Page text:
Don't waste this crisis

Some providers are going to cling on to the old ways, whilst others will adapt and thrive



Most approaches we’ve received in 2024 from a university or college recruitment director, PVC, or CEO followed this pattern:

  • they're unable to capture the load they need as the relative market shrinks; 
  • they’re all paying more for what they are getting; 
  • they’ve tried seemingly every tactic;
  • staff are often stressed and under some pressure from senior leadership to produce more enrolments.  

Like most providers their recruitment machines are built around traditional agent contracting and their tried-and-trusted supply lines. And now these supply lines are becoming less stable as other institutions steal share and previously reliable student supply shifts to friendlier markets.

It is now plainly apparent that this dynamic (passive agent supply via siloed, static contracting) is not sufficient. It worked 'okay' in the boom years with no artificial supply constraints, like government visa throttling. But when an institution is >30% down on load target, as many are, it cannot rely on its hundred or two hundred procurement partners - that are also working for thousands of its competitors - to get it out of trouble on a promise. 

A more certain way of capturing a slice of the market is needed.


Institution recruiters & senior leaders might pose this question: 

“How are traditional agent contracts working out for my org right now, in these market conditions?“

One litmus test is how your agent tail has stepped up, or not, to your assistance. If you still have 50%-80% of your partners doing little for you, there’s your answer, because they aren’t doing little for some of your competitors. This is not the agents’ fault, it’s the system & rules in which individual institutions choose to operate.

More than a few UK institutions’ 22-23 financial statements show they succeeded only due to PG international numbers - and we saw what happened in January with this cohort. Some rely on tuition fees for ~75% of total revenues, with no room for domestic fees to offset this year’s challenges. Stark also was the large uplift in agent commissions for many last cycle, with some highly-ranked institutions now paying around the 20% mark as standard. The question ‘when did we all convince ourselves this was reasonable?’ bears repeating and should be discussed at several universities’ exec meetings.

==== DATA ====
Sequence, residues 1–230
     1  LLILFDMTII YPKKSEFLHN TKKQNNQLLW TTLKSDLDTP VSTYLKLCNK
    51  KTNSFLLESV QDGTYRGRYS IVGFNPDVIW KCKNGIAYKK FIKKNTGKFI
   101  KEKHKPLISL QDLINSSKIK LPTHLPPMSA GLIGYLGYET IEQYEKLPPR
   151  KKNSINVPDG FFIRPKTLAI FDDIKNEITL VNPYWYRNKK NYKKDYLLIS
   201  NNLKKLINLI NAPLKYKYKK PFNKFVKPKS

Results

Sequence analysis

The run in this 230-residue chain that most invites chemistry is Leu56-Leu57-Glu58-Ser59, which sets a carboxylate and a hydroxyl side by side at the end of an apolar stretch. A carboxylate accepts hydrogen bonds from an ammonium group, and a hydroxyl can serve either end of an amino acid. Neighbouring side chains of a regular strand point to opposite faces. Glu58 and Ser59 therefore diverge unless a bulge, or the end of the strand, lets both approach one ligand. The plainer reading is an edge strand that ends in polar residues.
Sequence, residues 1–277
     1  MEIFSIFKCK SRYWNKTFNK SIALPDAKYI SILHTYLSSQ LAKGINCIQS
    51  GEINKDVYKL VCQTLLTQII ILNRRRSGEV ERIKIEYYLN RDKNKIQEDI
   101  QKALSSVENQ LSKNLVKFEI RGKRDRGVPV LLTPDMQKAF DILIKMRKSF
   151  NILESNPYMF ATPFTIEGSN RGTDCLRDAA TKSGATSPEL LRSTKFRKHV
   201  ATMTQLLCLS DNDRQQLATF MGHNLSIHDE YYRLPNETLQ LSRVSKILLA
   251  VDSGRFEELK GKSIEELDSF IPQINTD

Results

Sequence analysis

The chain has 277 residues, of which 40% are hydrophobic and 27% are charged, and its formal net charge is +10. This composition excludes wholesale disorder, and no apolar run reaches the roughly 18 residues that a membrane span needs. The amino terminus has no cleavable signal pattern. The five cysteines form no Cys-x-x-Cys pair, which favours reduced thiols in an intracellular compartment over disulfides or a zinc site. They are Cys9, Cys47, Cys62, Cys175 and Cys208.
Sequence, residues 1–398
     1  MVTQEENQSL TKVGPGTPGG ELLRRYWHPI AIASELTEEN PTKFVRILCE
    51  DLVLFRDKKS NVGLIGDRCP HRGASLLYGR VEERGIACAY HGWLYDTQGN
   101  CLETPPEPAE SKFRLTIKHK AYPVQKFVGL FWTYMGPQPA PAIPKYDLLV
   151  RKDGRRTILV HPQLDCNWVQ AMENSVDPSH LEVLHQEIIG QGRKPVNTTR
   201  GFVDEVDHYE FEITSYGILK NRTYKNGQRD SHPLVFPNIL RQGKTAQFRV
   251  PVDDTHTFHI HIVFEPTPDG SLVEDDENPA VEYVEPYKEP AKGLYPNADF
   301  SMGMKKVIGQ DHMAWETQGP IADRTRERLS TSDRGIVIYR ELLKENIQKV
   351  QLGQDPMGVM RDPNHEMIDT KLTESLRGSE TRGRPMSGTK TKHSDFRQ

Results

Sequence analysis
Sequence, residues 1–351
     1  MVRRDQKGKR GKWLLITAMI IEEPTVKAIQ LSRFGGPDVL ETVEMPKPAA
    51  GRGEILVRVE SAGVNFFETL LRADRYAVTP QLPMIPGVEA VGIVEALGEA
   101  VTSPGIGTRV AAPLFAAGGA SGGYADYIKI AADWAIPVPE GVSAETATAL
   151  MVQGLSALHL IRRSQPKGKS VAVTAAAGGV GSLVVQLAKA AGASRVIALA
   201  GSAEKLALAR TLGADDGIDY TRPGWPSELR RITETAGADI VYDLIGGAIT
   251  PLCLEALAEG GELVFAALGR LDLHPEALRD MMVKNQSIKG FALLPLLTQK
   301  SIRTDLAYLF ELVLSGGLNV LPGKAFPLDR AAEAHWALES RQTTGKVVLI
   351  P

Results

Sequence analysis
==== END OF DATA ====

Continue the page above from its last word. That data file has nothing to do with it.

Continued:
The only thing that can stop an institution from changing are the people in it

From what we’ve observed, there are several stages of acceptance to navigate before pivoting from the way ingrained in us all:

  1. The quality of an institution's agent relationships can’t really help it today (not significantly, anyway); it’s the place where so much focus and spend has gone for years so it's tempting to double-down, yet it's of limited utility in the face of some of these challenges and despite the sincere and significant efforts of many agents. If a provider has a very large agent pool it might be contracted to about 0.3% - 0.5% of the world’s total agents, yet having amazing relationships with these isn’t going to get it to the remainder of the market that can populate its classrooms. Providers need a way to marketise in a way they control.

  2. Failure to innovate will make outcomes worse; there’s zero to be gained from staying the course and hunkering down. I’m normally a fan of collaborating with competitors and going to market in concert, but I would not be waiting to follow the crowd and would be increasing my risk and innovation quotients urgently, ideally with exec approval. The maths - fewer enrolling students for the same number of hungry institutions - makes it look like dog eat dog for some in the short-medium term. 

  3. The usual pace of change won’t cut it; anyone who has worked for an institution of any size will find 6 or 12 month processes the norm when it comes to strategy changes. I’d be seeking to make quick decisions right now and begging forgiveness later. Not everyone needs their say in all matters and sometimes committee decision-making is a bad idea, and especially when you’re the SMEs and the rest aren’t.

  4. This is business and that means hard decisions; too often over the years I’ve heard providers talk of loyalty to agents as if this procurement partner is to be treated with kid-gloves. Northumbria University presumably feels loyal to the staff it will need to lose due to its projected recruitment income shortfall. And Coventry. And Massey. And UVic. And Waikato. Which hard decision would university leaders prefer to make? 


Is not innovating an option?

Yes for a tiny number of global providers. In all probability yours isn't one of them.  

Our platform lets providers capture more of the market, lock agents into actively sourcing (in return for financial terms that incentivise this), and pre-secure load for future intakes. All things institutions cannot do at scale today. Simply working with the agent tail can bring immediate benefits (n.b. few can afford a long agent tail today), and there are eleven other use-cases, including: niche course recruitment, diversification, and cost of sales reduction.

We don't claim to be a silver bullet, but what does your 2025 look like if you don’t challenge the status quo?


Similar posts

Subscribe to our blog content

We'll notify you when new content is published.